I’ve been known to remark that botanists are one of the few notionally motile lifeforms that could get overtaken by a glacier…everyone’s squatting down admiring the krummholz, and POW.
As an “amateur” botanist with a fast-walking family I can confirm that this is true :). I am also known for lagging behind and then shouting “wait! Come look at this cool plant!” much to the dismay of everyone ahead of me.
Here’s one that happened recently:
There’s a bug on the kitchen floor. There are also three other lifeforms: two kittens and one human on all fours (that is you) trying to figure out what it is.
you then spent fifteen minutes trying to get the bug outside
your pets have actually inadvertently helped you by either reacting to something (allowing you to find something when you intervene), forcing you to lay on the ground to be with them (allowing you to see the tiny bug on the ground), or sleeping on you (forcing you to ID things on iNat to pass the time or be still long enough to hear/see something)
Did none of the cats eat the “bug”? Mine does, and then barfs it back up again.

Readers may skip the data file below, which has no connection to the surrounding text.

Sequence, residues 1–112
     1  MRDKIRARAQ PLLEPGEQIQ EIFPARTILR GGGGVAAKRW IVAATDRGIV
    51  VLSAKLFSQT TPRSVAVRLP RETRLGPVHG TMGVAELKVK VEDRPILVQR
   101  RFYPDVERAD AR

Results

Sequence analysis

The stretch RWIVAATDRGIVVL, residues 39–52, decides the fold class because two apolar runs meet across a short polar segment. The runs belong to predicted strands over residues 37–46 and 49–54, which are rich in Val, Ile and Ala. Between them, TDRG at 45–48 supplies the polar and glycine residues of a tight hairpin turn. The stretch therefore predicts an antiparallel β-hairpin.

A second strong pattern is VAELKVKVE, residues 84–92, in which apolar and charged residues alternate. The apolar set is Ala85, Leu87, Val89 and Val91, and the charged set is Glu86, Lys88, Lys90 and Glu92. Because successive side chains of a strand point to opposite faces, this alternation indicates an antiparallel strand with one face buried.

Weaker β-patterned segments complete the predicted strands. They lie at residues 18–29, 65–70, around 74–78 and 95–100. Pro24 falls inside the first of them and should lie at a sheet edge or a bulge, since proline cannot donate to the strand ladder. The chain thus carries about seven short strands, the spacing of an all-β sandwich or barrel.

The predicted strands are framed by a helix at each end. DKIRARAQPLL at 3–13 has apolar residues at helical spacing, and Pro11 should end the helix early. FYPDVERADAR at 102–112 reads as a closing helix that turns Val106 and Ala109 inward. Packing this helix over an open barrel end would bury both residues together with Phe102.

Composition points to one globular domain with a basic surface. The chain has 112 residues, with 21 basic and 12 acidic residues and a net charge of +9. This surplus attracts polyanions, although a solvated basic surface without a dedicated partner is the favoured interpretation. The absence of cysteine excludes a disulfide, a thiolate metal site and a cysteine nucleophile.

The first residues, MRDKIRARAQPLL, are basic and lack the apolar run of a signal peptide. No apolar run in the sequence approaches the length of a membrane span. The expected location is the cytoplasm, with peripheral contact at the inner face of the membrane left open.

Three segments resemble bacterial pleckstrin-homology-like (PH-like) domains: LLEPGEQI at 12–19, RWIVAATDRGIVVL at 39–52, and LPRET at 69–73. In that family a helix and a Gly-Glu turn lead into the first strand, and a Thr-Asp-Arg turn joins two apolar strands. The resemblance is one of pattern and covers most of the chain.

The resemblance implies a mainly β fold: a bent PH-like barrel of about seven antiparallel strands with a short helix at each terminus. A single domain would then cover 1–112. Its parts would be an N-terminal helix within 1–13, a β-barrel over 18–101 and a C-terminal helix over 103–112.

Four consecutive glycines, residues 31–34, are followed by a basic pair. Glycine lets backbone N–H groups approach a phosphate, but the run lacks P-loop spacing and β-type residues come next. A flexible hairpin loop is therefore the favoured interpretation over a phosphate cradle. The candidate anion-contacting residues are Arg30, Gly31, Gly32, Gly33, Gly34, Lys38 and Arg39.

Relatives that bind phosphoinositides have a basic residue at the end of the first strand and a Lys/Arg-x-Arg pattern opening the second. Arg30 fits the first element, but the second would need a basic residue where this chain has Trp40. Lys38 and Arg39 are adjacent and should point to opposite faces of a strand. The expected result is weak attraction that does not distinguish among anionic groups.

My cat often eats the crickets that escape from me when I try to feed my bearded dragon.
I have to point out that the call used for Bald Eagles in movies actually belongs to a Red-Tailed Hawk every time there’s one on screen.
this has driven me nuts for years! Welcome to the forum, @tgbirdnerd. That and tropical or water-specific species in completely incorrect areas or times of year.
I think it’s the California Tree Frog (or maybe Northern Pacific Tree Frog?), whose call is used in films all the time for nighttime scenes in jungles and forests, that would appear to have a global distribution and even occurs on other planets.
sounds like a debate around geographic distribution-based subspecies is imminent.
That I just said that, is another way I know I’m seriously into iNat.